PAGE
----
Thirdly came http://attitudes2disability.wordpress.com/category/themes/page/2/ with this extract: “In medieval times, witchcraft became linked with disabled people. During the ‘Great Witch Hunts’ of 1480-1680, the Malleus Maleficarum, a book also known as ‘The Hammer of Witches’, went to 70 editions in 14 languages. It told how to identify witches by their impairments, by ‘evidence’ of them creating impairments in others, or by them giving birth to a disabled child.”

You will notice how this is almost verbatim the same wording as can be found on the fourth and last site, http://www.able2uk.com/news/disabilities/how-witchcraft-is-associated-with-disability.html, which conveniently manages to condense all the previous three stereotypes into one handy summary: “Back in the medieval times it was led to be believed disability was associated with witchcraft, evidence of such barbaric claims was engrossed by the Malleus Maleficarum, a book which was published in 14 languages and 70 editions. The book provided a guide on how to spot genuine witches by their impediments and their ability to give birth to babies with disabilities.”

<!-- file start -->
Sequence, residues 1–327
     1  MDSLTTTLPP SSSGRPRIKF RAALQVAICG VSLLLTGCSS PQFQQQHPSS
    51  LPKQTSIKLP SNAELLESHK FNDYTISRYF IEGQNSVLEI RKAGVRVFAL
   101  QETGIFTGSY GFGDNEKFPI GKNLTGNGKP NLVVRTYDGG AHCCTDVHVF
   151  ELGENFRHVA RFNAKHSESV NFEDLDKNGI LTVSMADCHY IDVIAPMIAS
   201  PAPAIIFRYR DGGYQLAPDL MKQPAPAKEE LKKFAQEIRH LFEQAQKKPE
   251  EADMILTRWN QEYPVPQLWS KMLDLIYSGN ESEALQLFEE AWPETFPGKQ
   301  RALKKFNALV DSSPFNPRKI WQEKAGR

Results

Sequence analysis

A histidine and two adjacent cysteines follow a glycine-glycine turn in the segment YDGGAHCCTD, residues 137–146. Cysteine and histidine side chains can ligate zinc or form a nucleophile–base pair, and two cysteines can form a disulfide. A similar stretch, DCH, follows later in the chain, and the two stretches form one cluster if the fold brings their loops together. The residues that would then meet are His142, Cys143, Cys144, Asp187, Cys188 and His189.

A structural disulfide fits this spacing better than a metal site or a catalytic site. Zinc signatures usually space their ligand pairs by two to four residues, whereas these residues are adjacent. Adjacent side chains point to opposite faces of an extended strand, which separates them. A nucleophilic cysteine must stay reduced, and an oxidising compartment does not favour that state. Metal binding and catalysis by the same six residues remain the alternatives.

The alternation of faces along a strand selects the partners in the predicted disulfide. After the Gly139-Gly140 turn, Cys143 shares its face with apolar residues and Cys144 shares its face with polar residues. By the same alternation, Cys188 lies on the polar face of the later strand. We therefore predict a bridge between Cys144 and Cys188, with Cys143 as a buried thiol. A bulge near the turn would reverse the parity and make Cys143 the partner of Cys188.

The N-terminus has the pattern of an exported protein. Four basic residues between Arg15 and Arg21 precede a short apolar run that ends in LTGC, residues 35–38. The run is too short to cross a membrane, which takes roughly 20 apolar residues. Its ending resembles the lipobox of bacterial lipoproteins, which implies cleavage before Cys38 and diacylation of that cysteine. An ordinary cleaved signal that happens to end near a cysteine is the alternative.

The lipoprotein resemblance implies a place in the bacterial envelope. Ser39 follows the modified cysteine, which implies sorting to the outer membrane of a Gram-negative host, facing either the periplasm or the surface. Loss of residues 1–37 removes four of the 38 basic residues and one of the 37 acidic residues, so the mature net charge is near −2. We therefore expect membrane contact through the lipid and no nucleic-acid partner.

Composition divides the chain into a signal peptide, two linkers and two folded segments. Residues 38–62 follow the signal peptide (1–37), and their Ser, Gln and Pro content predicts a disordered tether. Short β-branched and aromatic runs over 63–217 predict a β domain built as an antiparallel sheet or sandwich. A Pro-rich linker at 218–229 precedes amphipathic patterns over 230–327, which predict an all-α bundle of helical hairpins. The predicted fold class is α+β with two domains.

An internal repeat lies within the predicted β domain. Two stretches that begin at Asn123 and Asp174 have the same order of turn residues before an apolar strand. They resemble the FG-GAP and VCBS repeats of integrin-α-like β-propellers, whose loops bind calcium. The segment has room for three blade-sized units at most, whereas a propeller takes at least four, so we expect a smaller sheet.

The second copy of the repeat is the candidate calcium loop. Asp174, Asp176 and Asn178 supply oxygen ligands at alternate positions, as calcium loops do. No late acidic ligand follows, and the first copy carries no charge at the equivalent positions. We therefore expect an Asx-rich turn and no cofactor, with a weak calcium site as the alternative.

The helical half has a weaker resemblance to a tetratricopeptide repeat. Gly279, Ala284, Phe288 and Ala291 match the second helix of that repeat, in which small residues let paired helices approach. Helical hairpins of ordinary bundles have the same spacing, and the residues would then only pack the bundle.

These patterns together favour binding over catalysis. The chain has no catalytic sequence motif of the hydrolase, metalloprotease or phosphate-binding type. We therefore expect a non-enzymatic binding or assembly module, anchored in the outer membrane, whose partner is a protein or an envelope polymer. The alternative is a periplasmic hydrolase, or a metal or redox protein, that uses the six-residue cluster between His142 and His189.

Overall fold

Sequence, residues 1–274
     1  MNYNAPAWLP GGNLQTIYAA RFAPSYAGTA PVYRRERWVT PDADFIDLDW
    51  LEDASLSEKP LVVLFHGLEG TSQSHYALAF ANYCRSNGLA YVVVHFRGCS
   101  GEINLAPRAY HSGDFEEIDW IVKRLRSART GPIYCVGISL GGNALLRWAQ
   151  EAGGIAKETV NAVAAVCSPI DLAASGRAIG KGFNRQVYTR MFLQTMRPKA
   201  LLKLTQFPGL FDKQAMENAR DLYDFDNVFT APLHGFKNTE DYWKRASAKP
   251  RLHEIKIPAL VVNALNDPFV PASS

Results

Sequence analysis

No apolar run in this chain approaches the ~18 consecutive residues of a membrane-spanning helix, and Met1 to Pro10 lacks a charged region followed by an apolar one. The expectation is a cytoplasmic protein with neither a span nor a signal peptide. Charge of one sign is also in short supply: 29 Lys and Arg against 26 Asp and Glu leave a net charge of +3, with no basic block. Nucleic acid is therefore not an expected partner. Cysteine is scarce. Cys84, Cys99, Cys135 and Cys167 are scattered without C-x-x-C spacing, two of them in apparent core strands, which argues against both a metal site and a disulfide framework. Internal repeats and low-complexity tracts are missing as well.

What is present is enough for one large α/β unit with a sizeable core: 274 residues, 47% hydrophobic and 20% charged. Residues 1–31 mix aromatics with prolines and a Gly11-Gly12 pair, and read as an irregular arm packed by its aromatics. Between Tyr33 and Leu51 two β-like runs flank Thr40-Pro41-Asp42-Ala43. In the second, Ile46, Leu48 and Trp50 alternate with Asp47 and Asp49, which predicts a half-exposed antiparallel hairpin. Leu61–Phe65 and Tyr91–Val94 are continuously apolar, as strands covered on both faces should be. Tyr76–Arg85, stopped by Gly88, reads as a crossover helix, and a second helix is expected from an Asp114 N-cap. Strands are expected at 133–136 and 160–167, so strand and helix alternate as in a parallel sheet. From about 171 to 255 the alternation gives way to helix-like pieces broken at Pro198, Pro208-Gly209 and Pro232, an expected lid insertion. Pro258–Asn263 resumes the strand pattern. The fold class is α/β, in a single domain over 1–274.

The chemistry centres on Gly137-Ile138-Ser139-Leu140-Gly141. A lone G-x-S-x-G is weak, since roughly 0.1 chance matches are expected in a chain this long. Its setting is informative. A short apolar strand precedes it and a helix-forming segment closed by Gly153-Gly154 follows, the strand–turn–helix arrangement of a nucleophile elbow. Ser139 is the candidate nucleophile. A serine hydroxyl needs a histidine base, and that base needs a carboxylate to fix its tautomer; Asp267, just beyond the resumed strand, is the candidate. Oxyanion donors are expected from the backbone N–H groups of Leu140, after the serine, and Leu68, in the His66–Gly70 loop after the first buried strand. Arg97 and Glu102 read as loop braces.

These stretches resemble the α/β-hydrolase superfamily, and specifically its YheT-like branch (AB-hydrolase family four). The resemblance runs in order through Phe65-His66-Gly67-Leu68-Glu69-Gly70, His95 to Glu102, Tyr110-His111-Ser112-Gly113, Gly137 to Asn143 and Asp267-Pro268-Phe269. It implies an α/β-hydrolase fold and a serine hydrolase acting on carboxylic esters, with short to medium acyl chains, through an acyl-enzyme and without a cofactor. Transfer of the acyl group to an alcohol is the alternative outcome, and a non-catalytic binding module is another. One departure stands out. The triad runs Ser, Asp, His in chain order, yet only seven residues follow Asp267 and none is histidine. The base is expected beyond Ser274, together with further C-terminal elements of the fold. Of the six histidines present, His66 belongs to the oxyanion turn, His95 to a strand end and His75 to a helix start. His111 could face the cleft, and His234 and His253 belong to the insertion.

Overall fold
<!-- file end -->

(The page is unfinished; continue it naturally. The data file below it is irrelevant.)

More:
It is difficult to tell who has been copying whom, in fact it barely matters, since the main point is that, surprise surprise, the Internet is a great place for the mushrooming of myths. Nowhere in the Malleus is there any mention whatsoever of blind, lame or epileptic people (the terms Kramer uses rather than the modern anachronism ‘disability’) being witches. In fact, Kramer is singularly uninterested in the physical appearance of witches. Witches tend to be female, that is all the Malleus remarks about their physical characteristics. All that popularised stuff about witches having a third nipple, being an ugly old crone or supposedly being disabled in some general way is later mythologising that is completely unsubstantiated for the medieval period in general and this text in particular.